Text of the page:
Sens. McCain, Levin will hold hearings on national security leaks

McCain has accused the White House of using administration leaks of a U.S. cyberattack against Iran’s nuclear program to boost President Obama politically in his reelection campaign.

A story last week from The New York Times detailed U.S. and Israeli efforts to disrupt an Iranian nuclear facility with the Stuxnet virus, citing unnamed current and former U.S., Israeli and European officials.


“The only conceivable motive for such damaging and compromising leaks of classified information is that it makes the president look good,” McCain said on the Senate floor Tuesday. “They are merely gratuitous and utterly self-serving.”

McCain said that Senate Armed Services Committee Chairman Carl LevinCarl Milton LevinListen, learn and lead: Congressional newcomers should leave the extremist tactics at home House Democrats poised to set a dangerous precedent with president’s tax returns The Hill's 12:30 Report — Sponsored by Delta Air Lines — White House to 'temporarily reinstate' Acosta's press pass after judge issues order | Graham to take over Judiciary panel | Hand recount for Florida Senate race MORE (D-Mich.) had agreed to hold hearings on the national security leaks.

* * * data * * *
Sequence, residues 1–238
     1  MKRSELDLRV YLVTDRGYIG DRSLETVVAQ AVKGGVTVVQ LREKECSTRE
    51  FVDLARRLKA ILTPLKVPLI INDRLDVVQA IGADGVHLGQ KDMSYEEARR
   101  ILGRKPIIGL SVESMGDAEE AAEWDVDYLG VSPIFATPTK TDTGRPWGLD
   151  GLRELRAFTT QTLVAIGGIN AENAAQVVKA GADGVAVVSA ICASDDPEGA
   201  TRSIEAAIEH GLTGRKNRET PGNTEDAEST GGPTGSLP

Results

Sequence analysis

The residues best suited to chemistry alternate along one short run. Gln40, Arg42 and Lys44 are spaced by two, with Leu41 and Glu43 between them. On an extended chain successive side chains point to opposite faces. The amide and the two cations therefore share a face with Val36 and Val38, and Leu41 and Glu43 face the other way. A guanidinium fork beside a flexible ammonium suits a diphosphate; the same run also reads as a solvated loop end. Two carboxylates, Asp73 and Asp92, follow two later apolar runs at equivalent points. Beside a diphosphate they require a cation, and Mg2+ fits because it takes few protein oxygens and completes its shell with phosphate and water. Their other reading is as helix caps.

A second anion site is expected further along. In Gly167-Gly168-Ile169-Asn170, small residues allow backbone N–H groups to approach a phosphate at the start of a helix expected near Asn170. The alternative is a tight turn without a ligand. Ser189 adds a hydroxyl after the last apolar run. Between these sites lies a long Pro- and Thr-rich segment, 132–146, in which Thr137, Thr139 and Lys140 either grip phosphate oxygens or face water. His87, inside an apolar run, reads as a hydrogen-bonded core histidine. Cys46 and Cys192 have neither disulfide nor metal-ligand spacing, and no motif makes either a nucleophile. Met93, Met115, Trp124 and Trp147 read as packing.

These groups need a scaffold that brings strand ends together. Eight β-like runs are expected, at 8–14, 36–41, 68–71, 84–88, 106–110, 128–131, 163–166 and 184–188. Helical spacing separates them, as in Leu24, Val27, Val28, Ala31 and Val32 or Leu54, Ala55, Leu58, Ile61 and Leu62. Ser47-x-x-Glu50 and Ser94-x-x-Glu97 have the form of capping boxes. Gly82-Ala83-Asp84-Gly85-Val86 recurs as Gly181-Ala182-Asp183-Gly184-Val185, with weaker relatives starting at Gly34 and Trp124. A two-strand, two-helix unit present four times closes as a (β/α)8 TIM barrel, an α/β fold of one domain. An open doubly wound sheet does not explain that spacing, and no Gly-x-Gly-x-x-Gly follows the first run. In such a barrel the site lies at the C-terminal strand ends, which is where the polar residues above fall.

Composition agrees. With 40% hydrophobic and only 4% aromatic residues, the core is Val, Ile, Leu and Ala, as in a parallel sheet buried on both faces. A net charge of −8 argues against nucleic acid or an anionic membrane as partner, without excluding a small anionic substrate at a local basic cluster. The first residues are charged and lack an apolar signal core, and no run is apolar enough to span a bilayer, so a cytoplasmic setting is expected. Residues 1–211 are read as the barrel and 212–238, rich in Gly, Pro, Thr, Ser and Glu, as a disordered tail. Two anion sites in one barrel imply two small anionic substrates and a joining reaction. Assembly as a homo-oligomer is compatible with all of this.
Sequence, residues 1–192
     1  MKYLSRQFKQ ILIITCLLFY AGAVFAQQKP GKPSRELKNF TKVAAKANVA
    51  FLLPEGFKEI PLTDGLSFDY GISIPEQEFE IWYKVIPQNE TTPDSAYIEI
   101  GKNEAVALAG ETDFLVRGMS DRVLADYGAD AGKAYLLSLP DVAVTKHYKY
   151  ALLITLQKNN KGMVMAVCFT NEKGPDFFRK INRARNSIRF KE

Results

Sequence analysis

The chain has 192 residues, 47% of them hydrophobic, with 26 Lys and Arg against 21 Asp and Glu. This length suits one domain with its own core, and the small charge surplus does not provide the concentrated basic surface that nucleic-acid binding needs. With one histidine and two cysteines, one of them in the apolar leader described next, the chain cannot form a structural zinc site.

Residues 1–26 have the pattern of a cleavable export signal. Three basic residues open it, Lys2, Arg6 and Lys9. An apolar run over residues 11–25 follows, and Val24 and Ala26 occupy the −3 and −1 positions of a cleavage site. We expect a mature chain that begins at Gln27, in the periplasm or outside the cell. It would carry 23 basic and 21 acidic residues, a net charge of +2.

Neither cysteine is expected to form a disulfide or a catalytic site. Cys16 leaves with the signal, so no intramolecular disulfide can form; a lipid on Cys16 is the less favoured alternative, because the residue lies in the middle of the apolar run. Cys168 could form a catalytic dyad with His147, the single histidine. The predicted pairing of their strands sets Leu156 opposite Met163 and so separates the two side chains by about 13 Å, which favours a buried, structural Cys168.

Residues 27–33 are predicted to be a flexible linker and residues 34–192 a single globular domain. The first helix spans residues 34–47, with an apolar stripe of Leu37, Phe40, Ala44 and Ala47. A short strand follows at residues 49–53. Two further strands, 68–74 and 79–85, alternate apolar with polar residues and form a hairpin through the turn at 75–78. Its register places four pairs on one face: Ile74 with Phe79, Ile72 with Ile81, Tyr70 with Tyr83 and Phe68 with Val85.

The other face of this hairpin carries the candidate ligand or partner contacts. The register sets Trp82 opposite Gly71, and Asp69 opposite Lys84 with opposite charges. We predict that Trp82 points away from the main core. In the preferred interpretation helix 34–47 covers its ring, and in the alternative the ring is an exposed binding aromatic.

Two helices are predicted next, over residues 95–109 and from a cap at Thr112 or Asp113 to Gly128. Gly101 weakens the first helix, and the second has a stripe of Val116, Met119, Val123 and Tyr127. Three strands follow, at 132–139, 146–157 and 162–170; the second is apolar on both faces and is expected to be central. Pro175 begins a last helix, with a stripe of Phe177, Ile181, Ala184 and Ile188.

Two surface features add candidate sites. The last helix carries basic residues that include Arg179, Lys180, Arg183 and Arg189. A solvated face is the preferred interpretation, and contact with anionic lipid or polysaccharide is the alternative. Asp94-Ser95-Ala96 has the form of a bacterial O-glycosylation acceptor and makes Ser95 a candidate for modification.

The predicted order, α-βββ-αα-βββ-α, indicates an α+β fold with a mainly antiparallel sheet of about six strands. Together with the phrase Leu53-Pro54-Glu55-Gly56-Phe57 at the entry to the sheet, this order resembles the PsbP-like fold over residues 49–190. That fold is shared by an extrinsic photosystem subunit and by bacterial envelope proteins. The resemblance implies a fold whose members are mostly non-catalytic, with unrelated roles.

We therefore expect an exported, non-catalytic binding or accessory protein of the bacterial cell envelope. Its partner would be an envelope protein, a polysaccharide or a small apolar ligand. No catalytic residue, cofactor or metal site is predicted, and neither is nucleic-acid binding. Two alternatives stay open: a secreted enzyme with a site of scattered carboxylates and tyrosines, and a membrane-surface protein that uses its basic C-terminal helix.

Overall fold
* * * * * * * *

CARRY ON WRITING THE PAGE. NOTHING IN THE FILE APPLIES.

Levin told reporters Tuesday that he, like other senior Democrats, had serious concerns about the leaks on the U.S. cyberattack, but he disagreed with McCain that there was a political calculation behind it.

“I just can’t believe that there’s a decision in any kind of a formal way to leak this kind of a thing,” Levin said.

McCain and Chambliss took to the floor Tuesday afternoon for a colloquy about the leaks, taking issue with the Iranian cyber story as well as recent reports on expanded drone operations in Yemen and a “kill list.”

Chambliss asked McCain if he could remember a time in which national security leak were as prominent as they were with the Obama administration.

“With the leaks that these articles were based on, our enemies now know much more than they even did the day before they came out about important aspects of the nation's unconventional offensive capability and how we use them,” McCain said.

McCain took particular issue with a detail in the Times story on the administration’s “kill list” where Obama’s current senior campaign adviser David Axelrod was in meetings about the list.